Response by Alex Greene

This is Alex Greene ‘s response to the earlier question. He posted it as a comment but I thought I would share this with everybody as a post.

I might counter argue with the question: why do we teach mathematics to children at all?

If you answered “To get good grades,” or “To get them a job when they’re older,” get to the bottom of the class.

We teach mathematics, like writing, because we are equipping children with the most basic of problem-solving skills. Mathematicians aren’t just people who sit in offices in university and scribble nonsense on a board. Mathematicians solve problems.

The tools of basic mathematics we teach children in schools – arithmetic, basic algebra – are tools we are obliged to give them to help them to solve the problems they will face in life.

What sorts of problems? Calculating a weight of a roast in kilos when you’re given it in pounds and ounces and you need to work out how many minutes to put the meat in the oven for.

Say, that joint will take 265 minutes to cook in the oven. Maths will tell you what 265 minutes means in hours: in this case, 4 hours, 25 minutes.

How about working out how much change you get from £20 when you’ve bought a latte and a sandwich worth £4.25? If you get less than £15.75, you’re being short changed.

What about architecture? Someone clears out a square plot of land 999 metres a side. How quickly can you work out that it is 998,001 square metres without a calculator or sheet of paper?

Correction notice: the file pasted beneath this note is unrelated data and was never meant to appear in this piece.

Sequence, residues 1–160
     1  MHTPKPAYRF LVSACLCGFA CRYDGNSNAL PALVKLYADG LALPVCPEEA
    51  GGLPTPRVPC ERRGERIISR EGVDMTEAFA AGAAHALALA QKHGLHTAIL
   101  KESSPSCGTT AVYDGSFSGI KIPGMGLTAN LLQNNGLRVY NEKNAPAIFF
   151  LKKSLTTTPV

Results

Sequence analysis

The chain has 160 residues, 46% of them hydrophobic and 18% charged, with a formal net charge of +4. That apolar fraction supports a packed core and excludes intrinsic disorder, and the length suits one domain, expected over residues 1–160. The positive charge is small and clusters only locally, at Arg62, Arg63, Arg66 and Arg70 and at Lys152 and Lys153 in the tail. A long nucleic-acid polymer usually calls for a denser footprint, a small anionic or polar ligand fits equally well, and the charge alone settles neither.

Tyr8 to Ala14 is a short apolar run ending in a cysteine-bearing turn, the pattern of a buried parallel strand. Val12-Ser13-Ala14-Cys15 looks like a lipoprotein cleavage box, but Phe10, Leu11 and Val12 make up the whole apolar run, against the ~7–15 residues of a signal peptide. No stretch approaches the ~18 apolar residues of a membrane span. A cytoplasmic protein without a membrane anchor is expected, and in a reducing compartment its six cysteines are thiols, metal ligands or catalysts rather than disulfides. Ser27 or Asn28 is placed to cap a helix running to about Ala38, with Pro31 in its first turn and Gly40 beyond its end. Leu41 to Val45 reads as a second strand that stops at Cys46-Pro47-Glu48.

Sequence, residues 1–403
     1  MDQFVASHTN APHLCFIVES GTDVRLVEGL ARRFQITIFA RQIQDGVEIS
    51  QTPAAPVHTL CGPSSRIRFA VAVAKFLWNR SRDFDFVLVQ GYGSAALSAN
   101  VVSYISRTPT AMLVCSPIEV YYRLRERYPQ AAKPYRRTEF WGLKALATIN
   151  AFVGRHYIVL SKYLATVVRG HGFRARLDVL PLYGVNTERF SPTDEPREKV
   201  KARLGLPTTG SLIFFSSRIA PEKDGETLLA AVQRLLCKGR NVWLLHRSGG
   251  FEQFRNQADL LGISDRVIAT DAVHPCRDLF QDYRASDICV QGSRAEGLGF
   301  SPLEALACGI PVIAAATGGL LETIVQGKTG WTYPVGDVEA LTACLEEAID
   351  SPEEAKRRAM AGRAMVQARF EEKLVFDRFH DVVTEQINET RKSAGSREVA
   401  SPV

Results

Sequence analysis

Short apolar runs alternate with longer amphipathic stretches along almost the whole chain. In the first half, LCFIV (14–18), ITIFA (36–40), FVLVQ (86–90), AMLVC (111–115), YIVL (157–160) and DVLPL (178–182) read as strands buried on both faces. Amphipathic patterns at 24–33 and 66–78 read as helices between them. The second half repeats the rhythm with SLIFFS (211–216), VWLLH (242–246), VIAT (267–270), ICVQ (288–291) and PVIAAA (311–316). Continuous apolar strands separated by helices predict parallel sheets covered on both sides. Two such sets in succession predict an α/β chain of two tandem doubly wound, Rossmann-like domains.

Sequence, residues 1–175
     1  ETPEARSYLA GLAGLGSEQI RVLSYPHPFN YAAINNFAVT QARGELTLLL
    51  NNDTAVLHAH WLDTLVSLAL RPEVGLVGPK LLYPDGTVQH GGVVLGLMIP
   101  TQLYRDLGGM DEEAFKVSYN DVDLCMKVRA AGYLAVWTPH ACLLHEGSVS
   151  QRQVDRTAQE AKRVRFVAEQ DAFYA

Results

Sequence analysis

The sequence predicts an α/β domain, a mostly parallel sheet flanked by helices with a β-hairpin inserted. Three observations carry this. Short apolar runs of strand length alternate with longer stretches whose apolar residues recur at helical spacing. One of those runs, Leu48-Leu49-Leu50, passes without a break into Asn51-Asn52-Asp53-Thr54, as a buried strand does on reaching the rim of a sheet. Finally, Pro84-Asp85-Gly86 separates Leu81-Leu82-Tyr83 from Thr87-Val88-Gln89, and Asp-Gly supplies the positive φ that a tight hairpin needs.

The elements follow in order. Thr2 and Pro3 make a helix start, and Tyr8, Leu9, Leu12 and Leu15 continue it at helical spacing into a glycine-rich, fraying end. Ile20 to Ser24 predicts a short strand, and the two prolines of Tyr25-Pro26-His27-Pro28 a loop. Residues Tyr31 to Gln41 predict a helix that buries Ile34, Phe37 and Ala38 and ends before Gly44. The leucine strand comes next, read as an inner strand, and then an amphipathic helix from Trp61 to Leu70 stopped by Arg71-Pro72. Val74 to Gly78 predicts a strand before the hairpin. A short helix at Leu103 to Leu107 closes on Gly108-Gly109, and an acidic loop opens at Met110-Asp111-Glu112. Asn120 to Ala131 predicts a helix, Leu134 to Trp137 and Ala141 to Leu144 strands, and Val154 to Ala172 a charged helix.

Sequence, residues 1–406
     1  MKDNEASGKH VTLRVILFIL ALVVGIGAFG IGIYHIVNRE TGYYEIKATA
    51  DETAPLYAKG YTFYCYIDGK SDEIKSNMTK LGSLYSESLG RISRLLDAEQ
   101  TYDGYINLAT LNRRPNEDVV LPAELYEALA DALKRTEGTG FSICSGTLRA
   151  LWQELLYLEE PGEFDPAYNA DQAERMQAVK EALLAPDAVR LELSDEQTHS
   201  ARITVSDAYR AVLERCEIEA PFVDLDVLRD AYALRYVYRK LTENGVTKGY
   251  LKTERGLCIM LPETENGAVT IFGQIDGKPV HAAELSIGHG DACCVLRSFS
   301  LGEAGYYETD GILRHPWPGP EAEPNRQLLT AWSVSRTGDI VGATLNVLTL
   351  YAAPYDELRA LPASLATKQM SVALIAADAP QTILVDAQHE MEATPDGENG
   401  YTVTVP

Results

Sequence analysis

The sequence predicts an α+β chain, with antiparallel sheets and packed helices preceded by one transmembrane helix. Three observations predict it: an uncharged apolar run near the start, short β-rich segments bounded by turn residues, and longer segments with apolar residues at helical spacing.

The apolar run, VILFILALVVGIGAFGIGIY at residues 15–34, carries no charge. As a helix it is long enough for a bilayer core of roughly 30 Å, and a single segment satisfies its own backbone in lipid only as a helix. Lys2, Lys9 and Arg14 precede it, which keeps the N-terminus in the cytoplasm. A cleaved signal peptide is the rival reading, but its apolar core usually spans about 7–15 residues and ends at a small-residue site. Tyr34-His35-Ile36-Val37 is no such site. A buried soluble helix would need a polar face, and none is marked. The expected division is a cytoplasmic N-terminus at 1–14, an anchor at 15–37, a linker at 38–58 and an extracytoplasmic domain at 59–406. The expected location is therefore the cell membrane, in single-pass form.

In a similar vein, if you had to multiply 112 x 999, how quickly can you come up with 111,888?

Because mathematics can be found in every part of life, from finances through to cooking, gardening, medicine (Quick! You have 30 tablets. You take two a day. How many days before you have to go back to refill your prescription?) and even romance (“The wedding ring cost /how much?”) it’s vital to teach children … and adults … the best tool with which to solve these little problems.

Mathematics is that tool – but why Vedic mathematics in particular? Because VM is probably the most efficient form of that tool yet to be devised. It is quicker than the mathematical methods taught in schools since the 17th Century, with proofs which are just as rigourous, and moreover it produces quick, accurate results in a fraction of the time.

So rather than think of the grades the kids can get if you teach them VM, think of their lives as adults and the problems they’ll face, which they’ll be able to solve in their heads, thanks to VM.

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